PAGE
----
• 3. 152 GE ET AL. J. VIROL. formed as described previously (19). The chicken antisera induced by the H5 AIV HA gene DNA vaccine were used as primary antibodies, and horseradish peroxidase-conjugated rabbit anti-chicken immunoglobulin G (IgG) (Sigma, St. Louis, MO) was used as a second antibody. The immunofluorescence assay was performed as described by Huang et al. (14). The BHK-21 cells in 24-well plates were infected with the rescued virus at a MOI of 0.2. The primary antibodies used were specific chicken polyclonal sera against H5N1 AIV or NDV. Second- ary antibodies used were fluorescein isothiocyanate-conjugated rabbit anti- chicken IgGs (Sigma). Cells were analyzed with a fluorescence microscope. Stability and growth properties of the recombinant viruses. To evaluate the genetic stability of the foreign gene of the recombinant virus, we passed the virus in 10-day-old embryonated SPF chicken eggs for 20 passages. Detection of the inserted gene was carried out by RT-PCR, and expression of the HA gene was confirmed by immunofluorescence assay. To investigate if the insertion of the HA gene of H5N1 avian influenza virus affects the growth of the NDV virus, we inoculated 9-day-old embryonated SPF chicken eggs with 0.1 ml of 100 50% egg infective dose (EID50) of the rescued rLa, rLa-H5w, or rLa-H5m virus. Six eggs receiving each virus were harvested and pooled at 24-h intervals and titrated in SPF eggs for the EID50. Characterization of recombinant virus in vivo. The mean death time (MDT), the intracerebral pathogenicity index (ICPI), and the intravenous pathogenicity index (IVPI) were determined to assess the pathogenicity of the recombinant viruses in embryonated SPF chicken eggs or SPF chickens as described in the OIE manual (24). To investigate where and how well the rescued viruses replicate in chickens, groups of three 1-week-old SPF chickens were inoculated with 106 EID50 of rLa, rLa-H5m, or rLa-H5w in a 0.1-ml volume by oculonasal administration. The chickens were killed on day 3 postinoculation (p.i.), and organs including lung, liver, spleen, kidney, and brain were collected for virus titration. Swabs were also collected from the birds on day 3 p.i. for virus titration. Vaccine efficacy in chickens. Groups of ten 1-week-old SPF chickens were inoculated by oculonasal administration with 106 EID50 of the rescued rLa, rLa-H5m, or rLa-H5w virus in a 0.1-ml volume. Sera were collected before challenge for hemagglutinin inhibition (HI) antibody detection using the OIE standard method. Three weeks p.i., the chickens were challenged with 103 50% chicken lethal dose (CLD50) of highly pathogenic NDV F48E9 through intra- muscular injection or intranasally with 103 CLD50 of highly pathogenic H5N1 GS/GD/96 and BHG/QH/05. Oropharyngeal and cloacal swabs of the chickens that were challenged with H5N1 avian influenza viruses were collected on days 3, 5, and 7 postchallenge (p.c.) for virus titration, and chickens were observed for disease signs and death for 2 weeks after challenge. Two groups of 10 chickens that received each recombinant virus were kept for 4 months to observe the HI antibody duration. To evaluate the replication of the challenge virus in chickens, groups of nine chickens were vaccinated with rLa or rLa-H5w and challenged with GS/GD/96 or BHG/QH/05 as described above. Three chickens from each group were killed on days 3, 5, and 7 p.c., and organs including lung, heart, liver, spleen, kidney, and brain were collected for virus titration in eggs as described previously (19). Swabs were also collected for virus titration. Mouse study. Groups of 3-week-old BALB/c mice were inoculated with 108 EID50 of rLa or rLa-H5w virus intraperitoneally in a 0.1-ml volume and then boosted 3 weeks later with the same dose and same route of inoculation. The mice were bled at 2 weeks postboost and then were challenged intranasally with 103 50% of the mouse lethal dose (MLD50) of homologous BHG/QH/05 virus and heterologous DK/FJ/02 virus. Three mice from each group were killed on days 3 and 6 p.c., and organs, including nose turbinate, lung, spleen, kidney, and FIG. 1. Generation and characterization of H5 HA gene recombi- brain, were collected for virus titration in eggs as described previously (5). Fivenant NDV. (A) Schematic representation of the rLa genome with the mice were observed for disease signs, body weight changes, and deaths for twoPmeI site introduced between the P and M genes (I) and the wild-type weeks.H5 AIV HA gene (II) or mutated H5 AIV HA gene (III) that were Sequence analysis. The plasmids used for virus rescue and the rescued virusesinserted at the PmeI site. (B) Immunofluorescence analysis of H5 AIV were fully sequenced to confirm the absence of unexpected mutations. ViralHA protein expression. Confluent BHK-21 cells were infected with rLa RNA was extracted from allantoic fluid by using an RNeasy mini kit (QIAGEN,(I), rLa-H5w (II), or rLa-H5m (III) at a MOI of 0.2. The infected cells Valencia, CA) and was reverse transcribed and amplified using specific primerswere fixed and probed with chicken anti-NDV antiserum (a, d, g), (shown in Table 1). The PCR products were purified with a QIAquick PCRchicken anti-H5 AIV antisera (b, e, h), or with the noninfected (NI) purification kit (QIAGEN). Plasmids and PCR products were sequenced bySPF chicken sera (c, f, i) followed by incubation with fluoresceinisothiocyanate-conjugated rabbit anti-chicken IgG (Sigma). Cells wereanalyzed with a Leica DMIRE2 fluorescence microscope (Leica).(C) Western blot analyses of NDV recombinants expressing AIV H5.Lysates of cells infected with rLa, rLa-H5w, or rLa-H5m were incu- after incubation with peroxidase-conjugated secondary antibodies. Lo-bated with chicken H5 AIV HA-specific antiserum that was generated cations of marker proteins are indicated on the left, and the uncleavedwith H5 HA gene DNA immunization (I) or chicken anti-NDV anti- (HA0) and processed forms (HA1 and HA2) of AIV hemagglutininserum (II). Binding was visualized with 3,3Ј-diaminobenzidine reagent are indicated on the right.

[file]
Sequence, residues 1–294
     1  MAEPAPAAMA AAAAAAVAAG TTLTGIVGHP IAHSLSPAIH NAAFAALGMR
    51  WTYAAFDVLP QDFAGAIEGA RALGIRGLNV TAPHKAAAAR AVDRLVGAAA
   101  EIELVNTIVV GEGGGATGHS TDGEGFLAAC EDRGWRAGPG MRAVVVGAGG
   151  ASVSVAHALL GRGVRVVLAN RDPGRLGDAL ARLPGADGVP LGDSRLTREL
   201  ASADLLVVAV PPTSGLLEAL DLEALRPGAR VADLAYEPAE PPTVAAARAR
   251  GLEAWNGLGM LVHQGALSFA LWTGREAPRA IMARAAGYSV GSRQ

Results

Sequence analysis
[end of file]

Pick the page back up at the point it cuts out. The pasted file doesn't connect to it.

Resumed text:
• 4. VOL. 81, 2007 NDV-BASED H5 AVIAN INFLUENZA VACCINE 153 TABLE 2. Biological properties of the rescued NDV and recombinant viruses Pathogenicity Virus titers in lungs Virus shedding MDT in chickens Virus on day 3 p.i. on day 3 p.i. (h) ICPI IVPI (log EID50/g)a (log EID50/ml)brLa Ͼ120 0.4 0 2.0 Ϯ 0.4 2.7 Ϯ 0.3rLa-H5w Ͼ120 0 0 1.2 Ϯ 0.4 2.0 Ϯ 0.5rLa-H5m Ͼ120 0 0 1.2 Ϯ 0.3 2.0 Ϯ 0.8 a Groups of three 1-week-old SPF chickens were inoculated with 106 EID50 ofthe tested virus in a 0.1-ml volume by oculonasal administration, the chickenswere killed on day 3 p.i., and organs were collected for virus titration. Virus wasnot detected from the heart, spleen, kidney, liver, and brain; therefore, only thelung titers are indicated in the table. FIG. 2. Growth properties of recombinant viruses in embryonated b Values are for oropharyngeal samples. Virus was not detected from the eggs. The rescued NDV rLa (छ), rLa-H5w (‚), or rLa-H5m (E) (0.1cloacal samples. ml of 100 EID50) were inoculated into the allantoic cavities of 10-day- old embryonated eggs, and the allantoic fluid of six eggs from each group was harvested at the time points of 24, 48, 72, and 96 h postin- oculation and pooled for the determination of EID50 in eggs; datausing a CEQ DTCS-Quick Start kit on a CEQ 8000 DNA sequencer (Beckman shown were acquired from three repeats.Coulter) with a set of gene-specific primers (sequences available upon request). Serologic tests and virus titration. Hemagglutination inhibition assays wereperformed by following the OIE standard (24). Each swab was washed in 1 ml ofcold phosphate-buffered saline (PBS), and virus titration was conducted in 10-day-old SPF embryonated chicken eggs and calculated by the method of Reed with two out of eight chickens that received the virus rLaand Muench (30). intracerebrally showing disease signs on day 1 p.i and dying on Laboratory facility. All experiments related to the HPAIV were conducted in day two. The chickens that received the two NDV recombinanta P3 facility. viruses, rLa-H5w and rLa-H5m, remained healthy during the observation period, and the ICPI values of the recombinant RESULTS viruses were zero. When the viruses were administrated intra- Generation of recombinant NDV viruses expressing wild- venously, all of the chickens remained healthy during the ob-type and mutant HA genes of H5N1 avian influenza virus. We servation period, and IVPI values of the viruses were zeroconstructed an infectious clone of NDV LaSota by assembling (Table 2). These data show that the rescued recombinant vi-ten overlapping PCR fragments and inserting the 15,186 nu- ruses are attenuated in chicken embryos and chickens, suggest-cleotides of NDV LaSota and the sequences of the T7 poly- ing that the insertion of the HA genes did not increase themerase promoter, HDV ribozyme, and T7 polymerase termi- virulence of the vector NDV virus.nator into the plasmid pBR322. The wild-type and mutated To investigate the replication of the rescued viruses, weHA genes of H5N1 AIV were inserted between the P and M collected the organs and swabs of the inoculated chickens ongenes of the NDV cDNA (Fig. 1A). The resultant recombinant day 3 p.i. and titrated the viruses in eggs. Virus was detectedviruses, rLa-H5w and rLa-H5m, were rescued from the cDNA from the lungs and the oropharyngeal swabs of the chickens onas described in Materials and Methods, and the presence of the day 3 p.i. but not from any other organs nor from the cloacalHA gene was confirmed by RT-PCR. Expression of influenza swabs (Table 2). These data suggest that the rescued virusesvirus H5 HA by rLa-H5w and rLa-H5m was confirmed by are only able to replicate in the respiratory tracts of the inoc-immunostaining infected BHK-21 cells 28 h p.i. As expected, ulated chickens.cells infected with rLa were not stained by chicken antisera to To investigate whether the insertion of the H5 AIV HA geneH5 AIV HA protein, but they were positive for immunostain- affected the growth property of the NDV vector virus, weing using chicken polyclonal antisera against NDV (Fig. 1B). In harvested and titrated the viruses at different time points aftercontrast, cells infected with rLa-H5w or rLa-H5m were stained inoculation in eggs. As shown in Fig. 2, the two recombinantby chicken antisera to H5 AIV HA protein as well as the viruses, rLa-H5w and rLa-H5m, grew equally well and reachedanti-NDV antiserum. The expression of wild-type and mutant peak titers of 9.5 log EID50/ml at 72 h after inoculation, thoughHA protein by the recombinant viruses was also confirmed byWestern analysis. As shown in Fig. 1C, the majority of wild-type HA protein expressed by rLa-H5w was cleaved, while TABLE 3. Protective efficacy of the rescued viruses against thelarge amounts of the mutant HA protein lacking the cleavage highly pathogenic NDV challengesite expressed by rLa-H5m was uncleaved. Manifestation of chickensb HI antibody titers Biological characterization and stability of the rescued NDV Vaccine to NDV (log2)a No. sick/total No. dead/totalrecombinant viruses. The MDT, ICPI, and IVPI tests are theinternationally accepted methods for assessing the pathogenic- rLa 7.3 Ϯ 0.4 0/10 0/10ity of NDV strains (24). Strains of NDV are categorized into rLa-H5w 6.6 Ϯ 0.3 0/10 0/10three groups on the basis of their MDTs: velogenic (less than rLa-H5m 6.8 Ϯ 0.4 0/10 0/10 PBS Ͻ1 10/10 10/1060 h), mesogenic (60 to 90 h), and lentogenic (greater than a90 h) (24). The MDT values of the rLa, rLa-H5w, and rLa- Antiserum was collected at 3 weeks postvaccination and prior to challenge for the HI antibody test to NDV.H5m viruses are greater than 120 h, indicating that they behave b Chickens were observed for two weeks after challenge for disease signs andas lentogenic viruses (Table 2). The ICPI value for rLa was 0.4, deaths. The PBS control chickens died within 3 days p.c.